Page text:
In the message video, the speaker described how the first person who felt and experienced hope did so before having the right word to express it. Sometimes our own words fall short of describing what we are going through – whether that is the amazing feeling of hope, or the profound loss of hopelessness. While we may not be able to make up new words to describe how we feel, one way that can help is by sharing our feelings with others – offering hope to those around us or seeking out someone who can bring hope into our own lives when we need it the most.
- In the message video, the speaker references the poem “The Hope Spot” to talk about the feeling of hope (poem included below). Poems are art, as are illustrations of poems! Art can be a powerful tool to help us connect with feelings of hope, and even to connect with God. How does creativity or art give you hope? Is there a certain piece of art (like a song, poem, painting, book, movie, etc.) that brings you hope?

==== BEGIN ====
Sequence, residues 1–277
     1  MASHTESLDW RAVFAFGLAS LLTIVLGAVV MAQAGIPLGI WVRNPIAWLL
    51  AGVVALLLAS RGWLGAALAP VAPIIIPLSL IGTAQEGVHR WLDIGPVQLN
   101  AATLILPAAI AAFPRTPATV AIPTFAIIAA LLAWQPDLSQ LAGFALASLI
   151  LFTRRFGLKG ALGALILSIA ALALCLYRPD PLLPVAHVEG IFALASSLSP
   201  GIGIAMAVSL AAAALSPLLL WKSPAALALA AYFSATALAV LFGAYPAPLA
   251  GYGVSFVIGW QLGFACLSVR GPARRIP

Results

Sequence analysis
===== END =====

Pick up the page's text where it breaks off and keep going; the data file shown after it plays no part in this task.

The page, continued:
- What other feelings or emotions do we associate with hope? What feelings or emotions often go along with hopelessness?
- When is a time that someone offered you hope through their words or actions?
- Do you think it’s possible to offer something to another person when you haven’t experienced it for yourself? In other words, can you offer someone else hope if you are feeling hopeless?
- Read together our Main Scripture from Hebrews 13:16. What could it look like for you to share hope with someone this week?
- Read together our Secondary Scripture from 2 Corinthians 9:6, 10-11. How does hope multiply or increase when we offer it to others?
- According to these two verses, how does God feel when we offer what we have to others?